Patients with periodontal disease sometimes need a procedure known as a dental deep cleaning. Periodontal disease, or gum disease, is a chronic infection that can be caused by a number of factors, including smoking, diabetes, poor oral hygiene, or family history of the disease. The treatment of this condition is ongoing and lasts for a…
Can A Full Mouth Reconstruction Involving Inlays and Onlays Restore Existing Teeth?
Candidates for a full mouth reconstruction are usually patients with varied and extensive dental problems. Such individuals require procedures that target most or all their teeth. A person who qualifies for the treatment will have a unique set of oral health issues. This means that a full mouth restoration always requires a custom treatment plan.
Dentists execute full mouth restorations over the course of several weeks or months. They start the treatment with procedures that tackle the most urgent dental issues first. Once those issues are out of the way, the dentist will proceed with a set of procedures that treat underlying oral health issues.
A full-mouth restoration
A patient that suffers from multiple dental health issues undergoes an exhaustive exam, during which their dentist evaluates every aspect of the person’s teeth, gums and jaws.
This patient evaluation includes a visual exam, medical imaging and the patient’s dental records. The resulting data determines the custom treatment plan for the full mouth reconstruction. Procedures include those to treat gum disease, tooth decay, bite issues and even tooth replacement.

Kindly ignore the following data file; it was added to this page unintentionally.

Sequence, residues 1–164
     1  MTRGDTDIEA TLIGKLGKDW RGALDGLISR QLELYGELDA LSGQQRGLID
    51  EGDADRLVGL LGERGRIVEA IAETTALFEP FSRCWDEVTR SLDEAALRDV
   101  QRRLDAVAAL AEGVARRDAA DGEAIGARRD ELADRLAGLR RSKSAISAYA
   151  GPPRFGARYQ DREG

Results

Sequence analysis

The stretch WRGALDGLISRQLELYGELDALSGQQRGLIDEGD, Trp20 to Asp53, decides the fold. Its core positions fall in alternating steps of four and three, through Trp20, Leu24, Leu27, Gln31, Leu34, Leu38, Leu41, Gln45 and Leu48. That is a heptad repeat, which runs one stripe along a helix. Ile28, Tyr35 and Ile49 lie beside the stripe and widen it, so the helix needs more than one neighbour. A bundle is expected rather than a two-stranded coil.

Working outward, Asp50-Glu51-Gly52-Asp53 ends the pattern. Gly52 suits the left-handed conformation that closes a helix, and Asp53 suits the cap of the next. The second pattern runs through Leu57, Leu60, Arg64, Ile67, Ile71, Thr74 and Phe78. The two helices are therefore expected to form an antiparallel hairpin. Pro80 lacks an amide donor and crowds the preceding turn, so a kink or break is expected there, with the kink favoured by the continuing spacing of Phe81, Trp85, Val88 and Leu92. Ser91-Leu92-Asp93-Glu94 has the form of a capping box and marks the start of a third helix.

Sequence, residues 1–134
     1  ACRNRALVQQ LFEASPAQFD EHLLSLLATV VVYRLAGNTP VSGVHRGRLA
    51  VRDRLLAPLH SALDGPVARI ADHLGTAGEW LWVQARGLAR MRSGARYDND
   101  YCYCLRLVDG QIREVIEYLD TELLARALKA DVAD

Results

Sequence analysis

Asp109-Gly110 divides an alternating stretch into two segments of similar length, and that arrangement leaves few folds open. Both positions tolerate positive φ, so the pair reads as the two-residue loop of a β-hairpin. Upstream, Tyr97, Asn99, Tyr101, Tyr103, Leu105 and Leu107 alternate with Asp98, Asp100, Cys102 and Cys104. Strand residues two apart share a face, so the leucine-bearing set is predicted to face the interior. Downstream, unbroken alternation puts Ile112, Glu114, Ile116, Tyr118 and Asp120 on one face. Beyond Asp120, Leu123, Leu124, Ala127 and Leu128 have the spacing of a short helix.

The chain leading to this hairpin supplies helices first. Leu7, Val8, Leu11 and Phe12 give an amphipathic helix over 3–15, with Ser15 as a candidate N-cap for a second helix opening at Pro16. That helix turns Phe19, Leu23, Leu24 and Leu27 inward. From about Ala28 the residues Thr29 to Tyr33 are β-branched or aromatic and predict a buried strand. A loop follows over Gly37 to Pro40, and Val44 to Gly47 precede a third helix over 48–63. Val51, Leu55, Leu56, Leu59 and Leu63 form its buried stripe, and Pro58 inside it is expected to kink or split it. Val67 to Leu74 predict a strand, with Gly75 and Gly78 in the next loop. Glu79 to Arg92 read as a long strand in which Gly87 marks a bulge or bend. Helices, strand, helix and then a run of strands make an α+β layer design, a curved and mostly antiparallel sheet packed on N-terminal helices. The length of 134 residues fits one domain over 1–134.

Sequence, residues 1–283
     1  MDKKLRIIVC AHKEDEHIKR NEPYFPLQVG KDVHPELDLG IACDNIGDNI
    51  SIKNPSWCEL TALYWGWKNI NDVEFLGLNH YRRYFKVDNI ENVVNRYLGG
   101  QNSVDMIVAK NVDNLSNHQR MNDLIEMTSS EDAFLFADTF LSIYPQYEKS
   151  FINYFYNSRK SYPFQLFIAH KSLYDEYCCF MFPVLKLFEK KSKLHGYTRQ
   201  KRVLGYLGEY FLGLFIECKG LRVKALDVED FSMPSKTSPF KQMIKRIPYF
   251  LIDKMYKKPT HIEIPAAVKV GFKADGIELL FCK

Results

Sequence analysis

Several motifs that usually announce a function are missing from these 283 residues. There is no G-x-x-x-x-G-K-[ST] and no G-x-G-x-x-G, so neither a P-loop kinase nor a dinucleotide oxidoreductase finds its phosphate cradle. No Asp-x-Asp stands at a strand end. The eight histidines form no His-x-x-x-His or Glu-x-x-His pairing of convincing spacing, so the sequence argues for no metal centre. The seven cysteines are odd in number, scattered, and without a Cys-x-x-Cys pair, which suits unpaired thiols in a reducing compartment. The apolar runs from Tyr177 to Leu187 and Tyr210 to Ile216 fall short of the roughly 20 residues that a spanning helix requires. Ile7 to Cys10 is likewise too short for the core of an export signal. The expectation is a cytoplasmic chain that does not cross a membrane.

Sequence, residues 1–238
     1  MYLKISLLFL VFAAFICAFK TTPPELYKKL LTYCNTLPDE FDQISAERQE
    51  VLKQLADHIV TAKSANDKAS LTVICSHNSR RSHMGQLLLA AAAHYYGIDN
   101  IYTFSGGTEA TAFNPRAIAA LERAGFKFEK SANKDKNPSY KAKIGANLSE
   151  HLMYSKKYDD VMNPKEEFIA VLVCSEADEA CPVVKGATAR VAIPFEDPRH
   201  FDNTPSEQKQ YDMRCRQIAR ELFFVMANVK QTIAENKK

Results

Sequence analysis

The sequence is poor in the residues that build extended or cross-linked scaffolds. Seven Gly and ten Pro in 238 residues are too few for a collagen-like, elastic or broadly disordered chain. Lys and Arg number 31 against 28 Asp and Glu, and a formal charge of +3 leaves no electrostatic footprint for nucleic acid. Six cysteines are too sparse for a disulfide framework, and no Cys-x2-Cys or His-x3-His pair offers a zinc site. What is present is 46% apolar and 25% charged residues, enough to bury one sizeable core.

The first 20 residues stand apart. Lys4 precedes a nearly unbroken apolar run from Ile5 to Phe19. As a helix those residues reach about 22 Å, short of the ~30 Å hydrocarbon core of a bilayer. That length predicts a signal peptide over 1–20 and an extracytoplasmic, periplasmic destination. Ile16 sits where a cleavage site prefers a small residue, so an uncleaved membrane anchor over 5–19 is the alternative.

A brief explainer on indirect fillings
A dentist treats small cavities by removing infected tissue and filling the cavities with a putty-like substance that takes on the shape of the cavity. The dentist then uses a curing light to solidify the filling. This type of dental restoration is known as a direct filling and it is commonly used during full mouth reconstructions.
Advanced tooth decay requires a different approach. That’s where indirect fillings like inlays and onlays come into play. An indirect filling is fabricated based on a mold of an individual’s prepared tooth. It goes in the cavity that forms when the dentist removes damaged and infected dental tissue.
Restoring existing teeth with dental inlays
Moderate tooth decay can cause the loss of some of the dental structure located right at the center of the tooth. In this scenario, the outer walls of the tooth remain intact while tooth decay eats away at the center of the tooth. An inlay replaces the lost dental tissue, extending right up to the biting surface but stopping short of covering the edges of the teeth.
As such, inlays reinforce the structural integrity of an existing tooth while protecting it from further infection.
How onlays restore existing teeth
Just like an inlay, an onlay is an indirect filling that sits in a tooth with a large hole in the middle. Unlike an inlay, an onlay also covers the edges or cusps of the tooth.
Onlays become an option when tooth decay damages the edges of the biting surface of the molar, in addition to creating a large hole in the center. A dentist will recommend an onlay to a patient whose molars have weaknesses on their biting surfaces. An onlay adds a layer of protection that keeps the cusps from crumbling or breaking apart.
Find out if full mouth reconstruction is the way to go
It is always a good idea to learn what options are available when it comes to fixing oral health problems. Dentists will lay out a custom full mouth reconstruction plan for each patient based on their needs. Reach out today to learn more or to get started!
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